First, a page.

Heart and valve surgery upgraded in Northwest Indiana
By Carrie Napoleon For Sun-Times Media
The new Heart and Valve Institute at St. Mary Medical Center in Hobart combines university-quality treatment with the quality of care of a community hospital.
“This is an opportunity to bring university-quality care into the northern part of Indiana,” said Dr. Bradford Blakeman, a cardio thoracic and peripheral surgeon, and director of the institute.
Blakeman said the institute will bring cutting-edge technology and surgical care in the area of heart and valve surgery to the region, creating the ability for specialists there to perform procedures that in the past were only tackled at university hospitals in Chicago and Indianapolis.
The thing that makes community hospitals unique, Blakeman said, is the level of care and compassion they provide to the patients. That, he said, is often missing in the university medical setting.
The combination brings together the best of both worlds and brings a whole new level of heart and valve care — which includes coronary bypass surgeries and treatment for congenital birth defects — to the region for the convenience of local residents.
“I don’t think there would be any reason people would need to leave the area,” Blakeman said.
Blakeman is not new to the area. He brought his heart and valve surgical practice to Community Hospital in Munster from Loyola University 15 years ago. When Community Healthcare System decided to expand its heart and valve care services, the new institute at St. Mary’s was born.
Using the latest in valve technology and surgical expertise, the institute will be able to evaluate patients and provide them with the heart valve that will best suit their individual health needs.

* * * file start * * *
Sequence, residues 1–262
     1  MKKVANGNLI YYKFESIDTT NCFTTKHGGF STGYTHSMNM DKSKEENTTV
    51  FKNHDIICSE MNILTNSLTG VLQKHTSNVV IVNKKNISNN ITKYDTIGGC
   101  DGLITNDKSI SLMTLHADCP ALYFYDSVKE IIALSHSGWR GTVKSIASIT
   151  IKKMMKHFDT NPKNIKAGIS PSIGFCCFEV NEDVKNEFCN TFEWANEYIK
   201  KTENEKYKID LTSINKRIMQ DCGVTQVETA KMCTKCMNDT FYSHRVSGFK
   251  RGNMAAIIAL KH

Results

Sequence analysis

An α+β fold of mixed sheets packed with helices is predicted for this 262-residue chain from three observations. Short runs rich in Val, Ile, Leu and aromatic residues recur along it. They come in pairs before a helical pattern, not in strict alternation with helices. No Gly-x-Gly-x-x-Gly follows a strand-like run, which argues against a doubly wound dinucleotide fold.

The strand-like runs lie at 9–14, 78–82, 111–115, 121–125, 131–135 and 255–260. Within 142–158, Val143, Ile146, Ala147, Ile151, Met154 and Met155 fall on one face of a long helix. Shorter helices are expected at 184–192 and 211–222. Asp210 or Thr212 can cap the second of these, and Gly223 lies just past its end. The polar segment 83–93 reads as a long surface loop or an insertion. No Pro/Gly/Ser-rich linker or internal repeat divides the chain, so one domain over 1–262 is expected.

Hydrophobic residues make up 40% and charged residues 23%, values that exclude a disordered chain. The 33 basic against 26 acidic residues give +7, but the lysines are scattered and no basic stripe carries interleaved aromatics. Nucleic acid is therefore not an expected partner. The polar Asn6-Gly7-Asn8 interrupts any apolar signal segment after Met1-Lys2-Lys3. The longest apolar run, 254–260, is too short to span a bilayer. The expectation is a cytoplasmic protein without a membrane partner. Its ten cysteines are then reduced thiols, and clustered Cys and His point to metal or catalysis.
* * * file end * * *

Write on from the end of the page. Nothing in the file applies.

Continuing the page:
Valve disease affects a large number of people and the institute will enable people to receive local care for valve diseases of all kinds. Conditions such as arrhythmia, or irregular heartbeat, can be repaired with valve surgery, said Blakeman, whose area of expertise is valve disease. While most heart surgeons conduct 15 to 20 valve surgeries a year, Blakeman said he completes 15 to 20 in a month.
“That creates an opportunity for an incredible volume of learning and expertise that hasn’t probably been available to Northwest Indiana until now,” Blakeman said.
A variety of valves
The institute will bring all of the available types of valves to the region, increasing the options patients have for their care.
“We’ve always believed not every valve is right for every patient,” Blakeman said.
Having access to the different varieties of tissue and mechanical valves on the market will allow doctors to consider all factors such as disease process, age and other medical problems, when making a choice on the best valve for a particular patient.
“We have the experience to know generally what’s best for the patient. We have experience with all types of valves out there,” Blakeman said.
Advances in tissue valves, both human and animal, have made the valves more desirable than their mechanical counterparts. While 90 percent of valve replacements 10 years ago were primarily mechanical, that is no longer the case. Tissue valves now have a greater longevity — more than double that of a decade ago — which has changed the whole spectrum of valve surgery and made them more popular among surgeons and patients.
“Now there’s a better longevity with tissue valves,” Blakeman said.